You don't need to see Batman V Superman: Dawn of Justice. It's bad. It's a bad movie because it's a bad interpretation of pre-existing characters.
It's so bad that people have taken it personally. I've written in the past (yesterday) concerning the lengths people will go to preserve their baby-brains, to remain psychologically childish, rather than develop into a forward-thinking headspace. Batman V Superman is an example of denial that certain comic book fans live and die by.
Fans see their favorite characters alive and human-shaped on the screen in movies like BvS. They take that as gospel. The sight is all they require. I'll stay to my orginal point that BvS was a bad movie because it's a bad interpretation of characters the audience is familar with.
Batman and Superman.
I'm not going to dissect just BvS here though. I'm going to do a spot-check on how well DC is constructing the shared universe for their movies.
What's Even Going On In The DC Shared Universe?
After Bryan Singer directed the faithful, boring Superman Returns in 2006, he took too long to begin work on a follow-up. Batman Begins had already been a success in 2005. Christopher Nolan had shifted his attention to his side-project The Prestige before engaging with the inevitable sequel The Dark Knight.
Everything moved slower then. The concept of the "shared universe" had not been conceived. Until The Avengers changed everything.
Discarding Singer and fast-tracking a new Superman film, Zack Snyder was hired to direct. Even as news of his attachment to the project that would eventually become Man of Steel, Snyder's fumbling anime fanfic Sucker Punch had steamed its way into public cinemas in 2011, three years after Iron Man struck the first spark of interconnectivity for Marvel, along with a few hundred thousand dump trucks of money.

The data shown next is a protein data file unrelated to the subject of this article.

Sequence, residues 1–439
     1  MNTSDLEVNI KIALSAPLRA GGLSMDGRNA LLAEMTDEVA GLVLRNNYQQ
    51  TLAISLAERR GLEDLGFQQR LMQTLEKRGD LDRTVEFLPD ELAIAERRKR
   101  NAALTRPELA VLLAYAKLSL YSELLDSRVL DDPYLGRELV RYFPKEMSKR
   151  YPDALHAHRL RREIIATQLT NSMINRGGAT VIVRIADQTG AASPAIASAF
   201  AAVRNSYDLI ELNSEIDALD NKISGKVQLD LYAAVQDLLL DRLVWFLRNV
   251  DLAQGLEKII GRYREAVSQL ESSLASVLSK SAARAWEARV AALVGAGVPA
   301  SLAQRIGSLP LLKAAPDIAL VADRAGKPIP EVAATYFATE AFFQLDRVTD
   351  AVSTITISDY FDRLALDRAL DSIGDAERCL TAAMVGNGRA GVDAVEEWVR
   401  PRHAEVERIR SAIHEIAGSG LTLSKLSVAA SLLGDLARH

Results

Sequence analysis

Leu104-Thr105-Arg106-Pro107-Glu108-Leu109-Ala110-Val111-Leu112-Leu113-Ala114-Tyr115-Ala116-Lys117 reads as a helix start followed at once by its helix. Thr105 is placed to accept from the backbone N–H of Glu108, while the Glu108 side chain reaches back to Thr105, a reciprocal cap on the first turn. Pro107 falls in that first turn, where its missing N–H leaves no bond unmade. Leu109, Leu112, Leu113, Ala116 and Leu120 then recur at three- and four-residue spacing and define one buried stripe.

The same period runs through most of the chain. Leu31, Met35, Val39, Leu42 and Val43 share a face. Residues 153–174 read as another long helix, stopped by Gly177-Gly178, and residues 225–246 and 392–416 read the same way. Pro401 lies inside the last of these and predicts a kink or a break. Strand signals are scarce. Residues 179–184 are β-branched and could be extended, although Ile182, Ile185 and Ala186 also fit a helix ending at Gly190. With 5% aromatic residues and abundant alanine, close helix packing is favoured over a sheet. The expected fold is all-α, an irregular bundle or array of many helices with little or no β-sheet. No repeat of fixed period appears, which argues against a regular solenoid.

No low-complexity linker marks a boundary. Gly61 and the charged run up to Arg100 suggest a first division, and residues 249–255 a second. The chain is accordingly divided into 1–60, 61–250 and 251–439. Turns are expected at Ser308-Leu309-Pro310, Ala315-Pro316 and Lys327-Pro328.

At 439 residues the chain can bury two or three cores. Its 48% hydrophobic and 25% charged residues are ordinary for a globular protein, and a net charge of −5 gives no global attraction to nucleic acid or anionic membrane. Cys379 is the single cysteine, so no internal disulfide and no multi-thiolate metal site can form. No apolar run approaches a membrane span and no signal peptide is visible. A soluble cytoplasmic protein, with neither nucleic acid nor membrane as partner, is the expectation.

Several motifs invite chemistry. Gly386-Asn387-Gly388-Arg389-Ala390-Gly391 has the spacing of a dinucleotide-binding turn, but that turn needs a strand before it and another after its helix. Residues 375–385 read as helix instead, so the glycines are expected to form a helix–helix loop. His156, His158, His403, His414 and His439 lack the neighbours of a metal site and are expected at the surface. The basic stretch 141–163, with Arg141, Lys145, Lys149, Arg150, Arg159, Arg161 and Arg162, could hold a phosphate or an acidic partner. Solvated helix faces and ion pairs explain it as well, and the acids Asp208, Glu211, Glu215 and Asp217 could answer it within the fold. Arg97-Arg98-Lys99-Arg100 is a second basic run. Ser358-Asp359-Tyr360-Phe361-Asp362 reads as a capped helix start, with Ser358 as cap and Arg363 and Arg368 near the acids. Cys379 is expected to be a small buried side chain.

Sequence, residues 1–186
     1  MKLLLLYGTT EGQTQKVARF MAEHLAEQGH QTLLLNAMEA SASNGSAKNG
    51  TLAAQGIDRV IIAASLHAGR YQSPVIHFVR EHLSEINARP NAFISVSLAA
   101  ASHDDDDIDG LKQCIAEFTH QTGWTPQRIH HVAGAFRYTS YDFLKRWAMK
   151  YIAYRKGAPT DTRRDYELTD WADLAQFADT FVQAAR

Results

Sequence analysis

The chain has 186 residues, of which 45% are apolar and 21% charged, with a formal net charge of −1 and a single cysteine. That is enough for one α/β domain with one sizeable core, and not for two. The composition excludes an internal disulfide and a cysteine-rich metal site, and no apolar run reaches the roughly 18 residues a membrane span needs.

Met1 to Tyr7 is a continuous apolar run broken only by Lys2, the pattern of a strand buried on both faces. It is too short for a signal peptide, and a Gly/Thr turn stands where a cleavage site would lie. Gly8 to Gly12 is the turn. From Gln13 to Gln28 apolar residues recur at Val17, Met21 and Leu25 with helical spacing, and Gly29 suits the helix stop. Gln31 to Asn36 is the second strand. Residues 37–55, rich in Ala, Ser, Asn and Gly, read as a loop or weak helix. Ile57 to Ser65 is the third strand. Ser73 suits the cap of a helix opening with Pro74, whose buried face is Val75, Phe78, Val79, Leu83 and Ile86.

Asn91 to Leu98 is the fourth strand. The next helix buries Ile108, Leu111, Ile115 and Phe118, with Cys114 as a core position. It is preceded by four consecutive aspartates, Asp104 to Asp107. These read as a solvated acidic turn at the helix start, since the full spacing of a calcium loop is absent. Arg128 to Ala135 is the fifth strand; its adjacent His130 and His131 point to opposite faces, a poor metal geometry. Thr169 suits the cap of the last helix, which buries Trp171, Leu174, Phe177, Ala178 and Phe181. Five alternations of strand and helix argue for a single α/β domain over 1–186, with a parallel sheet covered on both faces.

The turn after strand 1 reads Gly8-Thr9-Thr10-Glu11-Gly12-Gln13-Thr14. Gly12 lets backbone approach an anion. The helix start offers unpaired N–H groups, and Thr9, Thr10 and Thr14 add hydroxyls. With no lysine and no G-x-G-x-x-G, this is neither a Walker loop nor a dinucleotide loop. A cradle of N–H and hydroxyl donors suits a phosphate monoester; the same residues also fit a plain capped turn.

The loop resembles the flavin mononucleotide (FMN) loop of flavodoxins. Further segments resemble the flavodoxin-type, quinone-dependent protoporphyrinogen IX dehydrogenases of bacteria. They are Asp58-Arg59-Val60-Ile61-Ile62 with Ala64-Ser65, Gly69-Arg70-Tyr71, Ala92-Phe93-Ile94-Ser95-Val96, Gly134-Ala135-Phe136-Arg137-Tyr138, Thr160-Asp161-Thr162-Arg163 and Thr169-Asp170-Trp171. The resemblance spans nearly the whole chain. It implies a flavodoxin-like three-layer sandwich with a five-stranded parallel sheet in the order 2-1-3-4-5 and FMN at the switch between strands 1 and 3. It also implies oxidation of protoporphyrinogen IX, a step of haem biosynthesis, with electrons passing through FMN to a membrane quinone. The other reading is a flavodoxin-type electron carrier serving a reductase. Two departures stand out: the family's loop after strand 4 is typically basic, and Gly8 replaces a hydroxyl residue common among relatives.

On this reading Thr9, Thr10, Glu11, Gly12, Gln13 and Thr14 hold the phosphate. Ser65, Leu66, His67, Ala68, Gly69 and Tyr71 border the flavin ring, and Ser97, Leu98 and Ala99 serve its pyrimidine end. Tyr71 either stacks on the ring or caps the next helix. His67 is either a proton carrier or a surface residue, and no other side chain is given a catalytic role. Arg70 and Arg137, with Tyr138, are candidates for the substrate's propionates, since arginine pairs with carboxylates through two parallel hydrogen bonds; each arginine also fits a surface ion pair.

Nolan's The Dark Knight Rises released to a middling response in 2012. The Avengers had already come and gone that summer. The conversation was over.
People Want The Continuity
Man of Steel, like all Zack Snyder films before it, was nihilistic and violent, two things that the Superman character is not.
Superman in Man of Steel is an interpretation of the existing character. It's a poor interpretation. Unlike Nolan's Batman, who was also an interpretation—trained by ninjas, motivated by trauma, faithful in humanity—Snyder's Superman was aimless and unsure. These traits run counter to what Superman traditionally is: Superman is almost always RIGHT.
He knows what to do, he faces an impossible scenario, even with all his strength, and in the reader / viewer's mind, it's spectactular he can manage to solve the problem. Then he does.
The same way Batman inspires fear in those he fights, Superman inspires hope in those he serves.
In the time it took Marvel to release six films between 2013-2016, DC released 1: Batman V Superman.
At this point, DC doesn't have a "shared universe." It has one film in Man of Steel, and it has its sequel, BvS. Suicide Squad, directed by the ultra-sharp David Ayer, releases in August 2016 to add a small pinch of something else to the equation.
These lessons factored into Ghost Little's own original fiction shared universe, in particular how to speak to and respect a widespread audience of varied tastes.
There would be more to discuss if there had been any releases. Let the brevity speak for the situation.
There's the lesson.